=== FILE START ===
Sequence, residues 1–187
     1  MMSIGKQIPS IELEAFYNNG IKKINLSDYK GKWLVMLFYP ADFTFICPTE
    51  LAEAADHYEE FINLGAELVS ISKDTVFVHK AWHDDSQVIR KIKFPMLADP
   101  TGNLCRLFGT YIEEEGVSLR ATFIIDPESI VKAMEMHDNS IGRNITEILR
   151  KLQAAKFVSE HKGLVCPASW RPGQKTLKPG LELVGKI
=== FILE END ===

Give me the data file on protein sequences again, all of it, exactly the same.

Sequence, residues 1–187
     1  MMSIGKQIPS IELEAFYNNG IKKINLSDYK GKWLVMLFYP ADFTFICPTE
    51  LAEAADHYEE FINLGAELVS ISKDTVFVHK AWHDDSQVIR KIKFPMLADP
   101  TGNLCRLFGT YIEEEGVSLR ATFIIDPESI VKAMEMHDNS IGRNITEILR
   151  KLQAAKFVSE HKGLVCPASW RPGQKTLKPG LELVGKI